Judy tagged me on Facebook so i would see Cathy Alley’s post of Kate Smith singing “God Bless America.”
For those of you who did not see it, here is a version taken from one of “The Kate Smith Show” videos:
After we got our first television, about a 15-inch screen that sat in the corner of our living room across from the front door, black and white screen, of course, i was impressed with Kate’s singing.
At first, i didn’t know about Kate’s show. We didn’t have a television. My only awareness of television was provided by Roberta Padgett. The Padgett’s lived to the north of their lot that separated our house from theirs on Castle Heights Avenue. The Padgett’s were one of the first to get a television on our block, around 1950. Roberta would invite me over to their den, which i considered an incredible place to have as our den was about half a dozen years away from reality, to watch “The Howdy Doody Show” in the afternoon.
Because of that, Roberta was the girl with whom i fell in love.
But in 1954, we caught up with the Jones’s…or at least the Padgett’s, when we got our own television.
i would turn Kate on when i got home from school . Her half-hour show came on at 3:30 p.m. on WSM, the only channel we initially had in Lebanon, at least what we could capture on our small but still ugly roof antenna. The shows consisted of what WSM considered the best of the three only networks, NBC, CBS, and ABC. Before Kate, there was only the Native American logo and silence (although i think i remember a sound as well, like a hum). As i recall (not necessarily a reliable source), the Native American chief’s image was accompanied by the logo of National Life and Accident Insurance, the station’s owner.
But for me, Kate was only a time killer before what Roberta had shown me: “The Howdy Doody Show” where my favorite parts were the “Tons of Funs” silent movies, Flub A Dub, and Clarabell. Phineas T. Bluster was an object of my disdain. Buffalo Bob was a bit of a wuss in leather shirts with western fringe. Howdy was just too damn cheery. Chief ThunderThud endeared himself to me with his expression of awe, “Kowabunga.”
Of course, i lost my heart to Princess SummerFallWinterSpring, one if not the first of many loves in my life i dreamed about in television. The real life Roberta had competition.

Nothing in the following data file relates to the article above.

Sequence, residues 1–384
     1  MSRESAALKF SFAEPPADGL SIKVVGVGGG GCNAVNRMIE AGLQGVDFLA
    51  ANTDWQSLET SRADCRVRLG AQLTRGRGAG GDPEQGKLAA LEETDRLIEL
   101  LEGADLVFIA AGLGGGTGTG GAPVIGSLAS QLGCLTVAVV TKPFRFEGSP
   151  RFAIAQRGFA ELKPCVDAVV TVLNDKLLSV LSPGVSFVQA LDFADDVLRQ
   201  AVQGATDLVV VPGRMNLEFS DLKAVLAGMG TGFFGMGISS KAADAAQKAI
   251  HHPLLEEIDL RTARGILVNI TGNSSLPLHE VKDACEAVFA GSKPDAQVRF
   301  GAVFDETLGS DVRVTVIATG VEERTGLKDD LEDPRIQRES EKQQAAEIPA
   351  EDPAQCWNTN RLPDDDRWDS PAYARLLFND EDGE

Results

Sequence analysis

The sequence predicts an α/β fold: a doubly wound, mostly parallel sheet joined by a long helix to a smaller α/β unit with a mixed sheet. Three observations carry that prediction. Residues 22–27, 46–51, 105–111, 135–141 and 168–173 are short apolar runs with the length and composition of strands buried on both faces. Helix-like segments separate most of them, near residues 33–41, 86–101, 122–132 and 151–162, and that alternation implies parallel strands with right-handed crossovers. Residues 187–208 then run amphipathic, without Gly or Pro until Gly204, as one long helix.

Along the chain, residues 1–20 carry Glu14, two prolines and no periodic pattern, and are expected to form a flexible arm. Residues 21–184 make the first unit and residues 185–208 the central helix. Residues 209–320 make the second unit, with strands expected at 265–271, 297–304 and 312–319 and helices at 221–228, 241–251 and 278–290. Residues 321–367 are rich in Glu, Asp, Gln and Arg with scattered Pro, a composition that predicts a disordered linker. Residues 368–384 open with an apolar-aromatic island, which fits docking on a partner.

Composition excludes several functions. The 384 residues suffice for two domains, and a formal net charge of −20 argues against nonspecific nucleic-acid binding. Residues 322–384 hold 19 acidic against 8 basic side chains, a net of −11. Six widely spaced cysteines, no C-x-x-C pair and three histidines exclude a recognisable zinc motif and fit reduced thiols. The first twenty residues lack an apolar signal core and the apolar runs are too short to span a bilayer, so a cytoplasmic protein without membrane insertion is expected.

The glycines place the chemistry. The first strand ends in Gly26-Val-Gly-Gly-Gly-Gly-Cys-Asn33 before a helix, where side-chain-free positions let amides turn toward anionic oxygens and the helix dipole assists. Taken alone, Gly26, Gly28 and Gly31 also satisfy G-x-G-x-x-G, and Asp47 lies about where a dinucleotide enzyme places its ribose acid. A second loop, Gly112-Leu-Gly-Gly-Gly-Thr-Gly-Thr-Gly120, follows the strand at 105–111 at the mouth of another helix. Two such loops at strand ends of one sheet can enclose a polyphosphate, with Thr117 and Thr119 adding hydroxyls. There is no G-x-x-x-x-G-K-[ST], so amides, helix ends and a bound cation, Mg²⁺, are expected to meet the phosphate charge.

Then at 5:00 p.m., i was riveted to Ruff ‘n Ready, the white whiskered guy in a cowboy outfit because he introduced the daily oater. Roy Rogers and Bob Steele ignited my desire to be a cowboy after my father introduced me to Hopalong Cassidy, who started that dream. Hopalong rode Topper into my life on Castle Film’s 8 mm film “Bar 20 Rides Again.”
i know all this stuff about Hoppy, not because i remember so well but because the three-inch square box with Hoppy holding his gun on the front sits on my bookshelf.
When Daddy would set up the portable movie screen to show home movies to us and whatever relatives might join us, nearly always Aunt Bettye Kate and Uncle Snooks, the children would demand we watch Hoppy and Woody Woodpecker first. He usually relented for one of the two.
i don’t recall Hoppy ever being on Ruff ‘n Ready’s show.
Now to prove my recall is faulty, the next afternoon highlight i remember was “The Mickey Mouse Club.” i am not sure what happened, but Kate, Howdy, or Ruff ‘n Ready must have fallen off the screen. My post school, pre-supper world was focused on that show, not because i enjoyed the cartoons, or much of the rest of the show, but my love was now squandered on two television dreams: the aforementioned Princess SummerFallWinterSpring and Annette. i kept wishing i could go to summer camp and capture Annette’s heart and whisk her away from that wimpy Skip — meanwhile in New York, one of my best friends of all time who i would not meet for another six or seven years, Alan Hicks, was head over heels for Darlene.
But alas, my joy was ended when the news took over. John Cameron Swayze told it like it was without bias, a lost art, on “The Camel News Caravan.” i rejected the idea of listening to the news. Hmm, old habits have returned. But i did like John’s Timex commercials. i particularly remember them tying a Timex wrist watch to an outboard propeller and whirling the boat around the water for a couple of laps. After the boat docked, John took the watch off the prop and declared, “It takes a licking, but it keeps on ticking.”
Then it was supper time. Not much better things in my memory than Mother’s suppers. The fare varied but every supper seemed to include her legendary biscuits and fresh tomatoes.
It seems my every weekday during the school year from 1950 to 1956 was highlighted by afternoon television. This is a faulty memory of course. There were other things going on, but the way i remember it, even though she created only a nuisance of waiting for MY shows, Kate started it all.
i am aware of the current displeasure with Kate and her other racially incorrect songs creating the latest rancor. i also know any comment i might make about that will be taken as offensive by one side or the other, perhaps both, and i wonder why we insist on having two sides , or three sides, or exponentially more sides, even today.
All i know is i did not infer any negatives on those afternoons. Kate was part of it.
God Bless America.